Microsoft has promised partners additional marketing funds and extra support, including an improved royalty system and a buddy system for independent software vendors (ISVs).
Delegates at Redmond's annual partners conference in Toronto heard yesterday that the software giant will increase its annual spending on partners, from $1.5bn to $1.7bn next year.
Microsoft said the increased investment would cover additional field specialists, training, sales and marketing support, and services.
For field specialists, the spending will be allocated primarily to system builders, ISVs and partners that focus on Microsoft Business Solutions.
In addition, each of Microsoft's global subsidiaries will allocate a total of 35 per cent of global marketing funds - previously earmarked for direct customer marketing - to help partners build their businesses through joint marketing efforts with Microsoft.
Redmond said its ISV Royalty Programme would provide firms with a simple way to embed elements of the Microsoft platform into software applications, and make sure customers have all the technology components they need without having to purchase any separately.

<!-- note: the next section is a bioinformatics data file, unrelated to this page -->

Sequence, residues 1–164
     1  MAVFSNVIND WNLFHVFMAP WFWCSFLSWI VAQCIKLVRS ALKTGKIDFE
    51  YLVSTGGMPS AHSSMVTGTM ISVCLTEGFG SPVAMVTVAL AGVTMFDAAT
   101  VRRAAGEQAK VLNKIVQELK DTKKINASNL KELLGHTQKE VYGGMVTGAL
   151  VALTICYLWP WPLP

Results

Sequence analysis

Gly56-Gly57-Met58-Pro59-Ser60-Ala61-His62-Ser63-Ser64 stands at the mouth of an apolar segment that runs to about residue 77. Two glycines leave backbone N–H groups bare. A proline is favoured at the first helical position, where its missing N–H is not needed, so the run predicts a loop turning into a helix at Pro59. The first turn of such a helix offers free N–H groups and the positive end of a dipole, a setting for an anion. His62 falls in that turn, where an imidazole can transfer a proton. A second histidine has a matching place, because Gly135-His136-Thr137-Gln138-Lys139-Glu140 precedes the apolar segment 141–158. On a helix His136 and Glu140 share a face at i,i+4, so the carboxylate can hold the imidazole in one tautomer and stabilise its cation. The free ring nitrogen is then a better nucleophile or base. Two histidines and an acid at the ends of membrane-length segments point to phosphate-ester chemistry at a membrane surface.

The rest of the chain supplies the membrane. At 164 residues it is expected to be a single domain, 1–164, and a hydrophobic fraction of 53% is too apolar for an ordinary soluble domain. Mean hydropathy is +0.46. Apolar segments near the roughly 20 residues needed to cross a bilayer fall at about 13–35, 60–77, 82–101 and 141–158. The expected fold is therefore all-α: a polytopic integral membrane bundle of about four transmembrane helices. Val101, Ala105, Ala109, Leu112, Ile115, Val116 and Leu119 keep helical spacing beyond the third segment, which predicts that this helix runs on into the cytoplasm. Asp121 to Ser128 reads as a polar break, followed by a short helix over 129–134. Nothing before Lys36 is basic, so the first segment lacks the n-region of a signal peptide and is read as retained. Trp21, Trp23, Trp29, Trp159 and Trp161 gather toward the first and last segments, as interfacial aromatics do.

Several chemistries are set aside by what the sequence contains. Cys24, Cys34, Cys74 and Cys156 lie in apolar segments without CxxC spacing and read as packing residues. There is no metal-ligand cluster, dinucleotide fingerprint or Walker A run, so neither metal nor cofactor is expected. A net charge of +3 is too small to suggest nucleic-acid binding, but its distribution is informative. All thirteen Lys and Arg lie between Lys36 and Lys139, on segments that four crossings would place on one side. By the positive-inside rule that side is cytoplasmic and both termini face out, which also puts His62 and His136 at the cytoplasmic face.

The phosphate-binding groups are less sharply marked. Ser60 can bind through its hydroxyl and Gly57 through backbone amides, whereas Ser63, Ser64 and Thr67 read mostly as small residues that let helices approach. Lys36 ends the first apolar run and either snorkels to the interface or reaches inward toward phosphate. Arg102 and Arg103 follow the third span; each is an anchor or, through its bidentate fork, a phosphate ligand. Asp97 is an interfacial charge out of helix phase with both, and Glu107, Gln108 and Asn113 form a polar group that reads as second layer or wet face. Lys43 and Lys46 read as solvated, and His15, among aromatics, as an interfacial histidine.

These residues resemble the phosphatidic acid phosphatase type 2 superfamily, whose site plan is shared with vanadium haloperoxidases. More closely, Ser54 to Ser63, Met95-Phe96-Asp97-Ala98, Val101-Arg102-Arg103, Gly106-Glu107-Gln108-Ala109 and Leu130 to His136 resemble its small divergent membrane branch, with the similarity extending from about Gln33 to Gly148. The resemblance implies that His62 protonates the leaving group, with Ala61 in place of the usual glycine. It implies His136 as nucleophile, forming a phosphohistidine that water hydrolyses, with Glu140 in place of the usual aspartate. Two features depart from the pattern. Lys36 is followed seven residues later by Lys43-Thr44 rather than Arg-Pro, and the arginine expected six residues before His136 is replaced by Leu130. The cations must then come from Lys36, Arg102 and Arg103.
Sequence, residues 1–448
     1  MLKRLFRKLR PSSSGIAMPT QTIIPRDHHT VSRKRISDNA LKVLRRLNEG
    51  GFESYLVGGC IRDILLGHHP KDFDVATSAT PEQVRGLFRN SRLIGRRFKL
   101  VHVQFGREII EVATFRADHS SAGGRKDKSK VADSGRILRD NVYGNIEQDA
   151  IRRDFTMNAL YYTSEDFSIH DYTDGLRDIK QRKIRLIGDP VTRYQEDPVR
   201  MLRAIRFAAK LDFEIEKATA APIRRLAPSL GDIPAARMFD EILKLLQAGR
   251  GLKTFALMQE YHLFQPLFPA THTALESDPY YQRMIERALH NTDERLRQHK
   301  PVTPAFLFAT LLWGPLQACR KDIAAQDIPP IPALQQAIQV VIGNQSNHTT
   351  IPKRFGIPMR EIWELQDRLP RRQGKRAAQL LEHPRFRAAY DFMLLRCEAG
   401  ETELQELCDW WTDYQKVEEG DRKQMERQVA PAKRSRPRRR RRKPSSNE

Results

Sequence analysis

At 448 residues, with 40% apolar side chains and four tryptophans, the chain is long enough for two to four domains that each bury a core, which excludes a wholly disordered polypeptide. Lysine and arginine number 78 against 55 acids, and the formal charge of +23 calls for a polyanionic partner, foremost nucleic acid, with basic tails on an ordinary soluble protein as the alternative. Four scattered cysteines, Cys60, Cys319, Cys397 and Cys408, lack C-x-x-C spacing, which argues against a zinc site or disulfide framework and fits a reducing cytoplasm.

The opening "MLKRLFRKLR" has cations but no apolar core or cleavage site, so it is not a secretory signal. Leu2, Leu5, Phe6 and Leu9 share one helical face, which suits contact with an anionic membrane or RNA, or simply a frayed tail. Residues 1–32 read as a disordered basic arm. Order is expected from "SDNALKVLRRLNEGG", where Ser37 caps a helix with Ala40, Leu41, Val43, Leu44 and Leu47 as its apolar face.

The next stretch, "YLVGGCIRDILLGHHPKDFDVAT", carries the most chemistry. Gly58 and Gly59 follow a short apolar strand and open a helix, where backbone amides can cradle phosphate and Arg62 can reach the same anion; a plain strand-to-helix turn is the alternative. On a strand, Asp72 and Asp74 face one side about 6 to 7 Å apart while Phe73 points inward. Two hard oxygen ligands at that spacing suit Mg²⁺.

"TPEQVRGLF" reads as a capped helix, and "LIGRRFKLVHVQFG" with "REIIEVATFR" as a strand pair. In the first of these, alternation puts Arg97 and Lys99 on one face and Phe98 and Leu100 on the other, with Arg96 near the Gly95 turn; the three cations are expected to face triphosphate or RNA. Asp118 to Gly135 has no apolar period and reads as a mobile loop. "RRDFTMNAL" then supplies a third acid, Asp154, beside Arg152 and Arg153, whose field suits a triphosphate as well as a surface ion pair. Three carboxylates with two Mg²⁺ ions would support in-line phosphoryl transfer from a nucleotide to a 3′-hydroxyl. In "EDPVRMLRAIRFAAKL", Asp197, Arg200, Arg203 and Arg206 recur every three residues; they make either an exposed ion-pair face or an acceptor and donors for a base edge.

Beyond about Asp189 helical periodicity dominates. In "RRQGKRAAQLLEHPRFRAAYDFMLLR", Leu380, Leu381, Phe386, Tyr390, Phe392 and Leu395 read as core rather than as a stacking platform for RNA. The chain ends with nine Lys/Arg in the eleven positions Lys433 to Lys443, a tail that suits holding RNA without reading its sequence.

The buddy system aims to offer increased technical support and access to resources throughout the development, sales and marketing process. Approximately 430 ISVs are part of the programme, which is currently open for enrolment.
"ISVs that bet on Microsoft to win grew about 10 per cent faster than those who didn't," said Sanjay Parthasarathy, corporate vice president at Microsoft.
"We launched the ISV buddy programme last week. If you have a problem you can call the account manager and they'll sort it out for you. One thousand employees signed up, including [chief executive] Steve Ballmer."
Ballmer, however, has yet to be assigned an ISV buddy.
Part of the Microsoft Developer Network will be reserved for ISVs, offering technical content and vertical industry-specific applications.
Online tools and offline events will also be improved, with online meeting and information tools and regular events to share information and strategies, including quarterly ISV community days and webcasts on key technologies.
Microsoft's error-reporting tool, named Watson, will also be made available to ISVs. This will build up a database of known errors that developers can use to develop more stable code.
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